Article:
Similar to most metals, the amino acids namely histidine, aspartic acid, glutamic acid and cysteine were the most favored residues to coordinate nickel, among which, histidine was noted to dominate (p-value = <0.0001) over other amino acids (S2 Fig). The non-polar residues like phenylalanine, leucine and isoleucine as well as less polar amino acids proline and threonine showed no preference for nickel coordination. Other hydrophobic amino acids namely methionine, valine, tryptophan, polar amino acids arginine, glutamine, asparagine, serine and less polar amino acids glycine, tyrosine, alanine were observed coordinating with nickel in an insignificant manner. The atomic preference among the nickel coordinating residues within the cut-off distance (3Å) was predicted and a comparison of side-chain and backbone atoms was made. Fig 1A illustrates the atoms of coordinating residues and their subsequent number of interactions with nickel. Since histidine residue plays a dominant role in nickel coordination it was apparent that ε-nitrogen (NE2) of its imidazole ring had the maximum number (p-value = 0.0001) of coordination (S3 Fig). Nevertheless, the ε-carbon (CE1) was noted to be the next dominant, however not due to its coordination with the metal, but because of its proximity to the ε-nitrogen group. The positive charge on nitrogen groups in the imidazole ring makes it a prominent nucleophilic center in coordinating with metal. The other backbone atoms of histidine residue had negligible association with the metal. Apart from the amino groups, the side-chain carbonyl groups of aspartic acid and glutamic acid also coordinated with the metal. The backbone atoms of these residues were masked for the metal coordination due to the increased hydrophilicity at the side-chain atoms. Conversely, the amide structures of glutamic acid and aspartic acid namely glutamine and asparagine showed coordination through backbone and side-chain atoms. Sulphydryl groups of cysteine were also equally preferred for nickel coordination, though, were observed only in limited number of entries. Similar to aspartic acid and glutamic acid no backbone coordination was observed with cysteine residues. On the contrary, residues namely tryptophan, methionine, valine, serine, arginine, glutamine, asparagine, glycine, tyrosine and alanine did show backbone coordination especially at the alpha carbon (Cα). On the whole, the study revealed that nickel has a higher preference for side-chain atoms over backbone atoms. Of the 186 structures, about 153 structures had histidine as one of the coordinating residues within the cut-off distance among which, “Histidine-only” chelates accounted for 78 structures. The other prominent coordinating residues namely aspartic acid and glutamic acid were noted in about 40 and 32 structures respectively. Cysteine based chelates were limited to 18 structures. Due to the presence of several atom types within the coordination space, metal atom distances were calculated to justify atom association with the metal. From the investigation, we identified nine atoms namely NE2, HE2, ND1 of histidine, OD1, OD2 of aspartic acid, OE1, OE2 of glutamic acid, N of serine, histidine, glycine, cysteine and OD1 of asparagine at distances of <2 Å from the metal. The distance ranges for all the atom types varied between 1.2 and 3.0Å. The minimum and maximum distance range observed for nitrogen atoms were 1.8Å and 2.9 Å, for oxygen 1.6 Å and 2.9 Å, for carbons 2.1 Å and 3.0 Å and for sulfur 2.0 Å to 2.7 Å and is plotted in Fig 1B. From the study, we found that the presence of at least one of the atoms either from histidine (NE, ND) or from aspartic acid / glutamic acid (OD/OE) is required to coordinate with nickel ion. These distances were however validated by comparing the average distance for each atom type of high resolution (0–2.0Å) with medium resolution (2.0–3.0Å) structures. The correlation plot (S4 Fig) obtained revealed a positive correlation of 0.945.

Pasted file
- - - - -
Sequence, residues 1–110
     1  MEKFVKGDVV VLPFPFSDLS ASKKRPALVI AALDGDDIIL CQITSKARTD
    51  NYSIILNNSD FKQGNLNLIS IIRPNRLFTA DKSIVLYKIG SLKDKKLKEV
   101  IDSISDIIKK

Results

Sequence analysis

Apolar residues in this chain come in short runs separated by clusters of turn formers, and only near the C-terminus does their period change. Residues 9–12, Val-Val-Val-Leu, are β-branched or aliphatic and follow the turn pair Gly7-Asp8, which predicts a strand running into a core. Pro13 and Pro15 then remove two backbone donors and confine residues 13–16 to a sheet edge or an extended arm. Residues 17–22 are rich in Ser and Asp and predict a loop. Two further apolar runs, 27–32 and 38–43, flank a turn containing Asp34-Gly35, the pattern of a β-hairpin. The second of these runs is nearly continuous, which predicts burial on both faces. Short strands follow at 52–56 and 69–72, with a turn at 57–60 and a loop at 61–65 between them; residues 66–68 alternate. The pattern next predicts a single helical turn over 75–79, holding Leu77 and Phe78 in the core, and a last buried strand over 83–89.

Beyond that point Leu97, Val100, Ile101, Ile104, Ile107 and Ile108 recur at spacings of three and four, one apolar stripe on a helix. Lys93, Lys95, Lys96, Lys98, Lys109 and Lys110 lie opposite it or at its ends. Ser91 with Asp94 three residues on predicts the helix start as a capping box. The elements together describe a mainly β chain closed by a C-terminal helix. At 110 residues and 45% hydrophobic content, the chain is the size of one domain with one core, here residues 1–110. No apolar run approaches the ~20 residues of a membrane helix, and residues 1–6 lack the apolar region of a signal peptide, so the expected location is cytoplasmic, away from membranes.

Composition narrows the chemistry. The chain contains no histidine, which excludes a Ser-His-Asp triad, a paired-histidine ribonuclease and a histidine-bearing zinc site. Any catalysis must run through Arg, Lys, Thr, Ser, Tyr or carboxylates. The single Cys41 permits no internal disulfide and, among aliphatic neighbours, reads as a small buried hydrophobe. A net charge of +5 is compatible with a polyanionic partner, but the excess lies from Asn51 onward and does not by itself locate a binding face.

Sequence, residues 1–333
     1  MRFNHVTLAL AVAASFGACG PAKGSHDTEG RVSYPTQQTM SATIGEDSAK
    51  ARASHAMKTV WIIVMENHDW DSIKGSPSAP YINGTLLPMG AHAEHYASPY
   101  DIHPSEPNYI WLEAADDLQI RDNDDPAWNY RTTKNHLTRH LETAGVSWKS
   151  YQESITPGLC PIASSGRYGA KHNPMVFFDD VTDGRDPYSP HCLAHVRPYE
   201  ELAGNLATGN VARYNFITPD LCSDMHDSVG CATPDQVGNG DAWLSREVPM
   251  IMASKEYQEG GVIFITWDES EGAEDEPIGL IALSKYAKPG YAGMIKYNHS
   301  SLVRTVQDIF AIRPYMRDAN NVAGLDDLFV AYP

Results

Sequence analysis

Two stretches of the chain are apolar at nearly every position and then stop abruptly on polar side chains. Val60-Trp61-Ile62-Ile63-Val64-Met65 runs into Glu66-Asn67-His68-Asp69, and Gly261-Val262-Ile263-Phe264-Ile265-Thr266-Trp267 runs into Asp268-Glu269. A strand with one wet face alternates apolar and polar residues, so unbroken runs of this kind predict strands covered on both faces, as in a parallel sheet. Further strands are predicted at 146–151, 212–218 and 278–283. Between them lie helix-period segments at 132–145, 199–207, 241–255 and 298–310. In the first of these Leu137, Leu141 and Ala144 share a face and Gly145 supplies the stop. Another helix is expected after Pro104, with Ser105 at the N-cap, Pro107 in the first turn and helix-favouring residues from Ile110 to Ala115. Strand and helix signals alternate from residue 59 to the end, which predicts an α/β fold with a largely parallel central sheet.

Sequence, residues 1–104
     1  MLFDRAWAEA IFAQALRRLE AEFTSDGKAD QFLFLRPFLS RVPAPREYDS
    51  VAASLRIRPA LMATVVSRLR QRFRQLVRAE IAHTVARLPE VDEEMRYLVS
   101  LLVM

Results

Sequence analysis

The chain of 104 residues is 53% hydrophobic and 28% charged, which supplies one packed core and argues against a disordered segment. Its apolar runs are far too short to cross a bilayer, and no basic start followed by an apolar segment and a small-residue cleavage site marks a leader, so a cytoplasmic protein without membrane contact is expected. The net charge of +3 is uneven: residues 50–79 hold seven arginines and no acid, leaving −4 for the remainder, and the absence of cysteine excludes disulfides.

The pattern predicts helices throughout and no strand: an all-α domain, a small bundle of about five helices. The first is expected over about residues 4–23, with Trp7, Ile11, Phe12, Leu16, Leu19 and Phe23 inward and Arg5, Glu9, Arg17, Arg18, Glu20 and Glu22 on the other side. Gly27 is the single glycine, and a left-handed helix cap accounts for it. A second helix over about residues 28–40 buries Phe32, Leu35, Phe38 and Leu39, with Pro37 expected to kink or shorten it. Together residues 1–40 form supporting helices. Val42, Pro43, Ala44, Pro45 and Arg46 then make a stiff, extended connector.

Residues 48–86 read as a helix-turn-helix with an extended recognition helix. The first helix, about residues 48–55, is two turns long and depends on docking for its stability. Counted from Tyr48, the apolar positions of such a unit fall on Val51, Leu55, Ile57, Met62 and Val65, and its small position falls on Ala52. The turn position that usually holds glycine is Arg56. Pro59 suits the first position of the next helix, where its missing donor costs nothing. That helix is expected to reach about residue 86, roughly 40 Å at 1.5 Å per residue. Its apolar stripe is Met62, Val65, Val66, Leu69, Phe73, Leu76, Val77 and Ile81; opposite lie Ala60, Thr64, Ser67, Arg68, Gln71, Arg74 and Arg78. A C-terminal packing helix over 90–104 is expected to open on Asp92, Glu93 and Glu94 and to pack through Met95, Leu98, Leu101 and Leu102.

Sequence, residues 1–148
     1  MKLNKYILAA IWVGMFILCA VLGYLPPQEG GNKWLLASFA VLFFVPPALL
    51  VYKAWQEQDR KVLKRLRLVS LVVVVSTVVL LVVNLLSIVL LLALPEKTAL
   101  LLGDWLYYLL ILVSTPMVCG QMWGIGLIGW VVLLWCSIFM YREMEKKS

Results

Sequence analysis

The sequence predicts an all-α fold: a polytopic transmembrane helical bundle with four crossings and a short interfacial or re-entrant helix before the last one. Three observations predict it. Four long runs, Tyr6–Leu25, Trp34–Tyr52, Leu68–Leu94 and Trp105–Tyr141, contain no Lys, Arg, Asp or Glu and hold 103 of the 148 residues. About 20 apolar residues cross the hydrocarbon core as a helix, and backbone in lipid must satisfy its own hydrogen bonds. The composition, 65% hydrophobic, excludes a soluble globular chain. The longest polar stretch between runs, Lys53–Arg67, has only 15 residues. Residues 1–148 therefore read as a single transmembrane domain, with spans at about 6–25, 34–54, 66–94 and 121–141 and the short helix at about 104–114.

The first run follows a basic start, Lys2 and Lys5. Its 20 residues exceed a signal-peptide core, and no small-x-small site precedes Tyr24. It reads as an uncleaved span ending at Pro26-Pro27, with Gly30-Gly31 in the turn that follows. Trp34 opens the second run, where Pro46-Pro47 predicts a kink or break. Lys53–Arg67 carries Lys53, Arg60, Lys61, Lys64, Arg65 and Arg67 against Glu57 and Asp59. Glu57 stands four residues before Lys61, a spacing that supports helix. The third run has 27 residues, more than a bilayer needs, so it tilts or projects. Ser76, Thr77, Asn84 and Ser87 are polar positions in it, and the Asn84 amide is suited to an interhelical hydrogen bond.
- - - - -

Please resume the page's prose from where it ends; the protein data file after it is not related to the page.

Fig 1. Atom preferences in nickel coordination.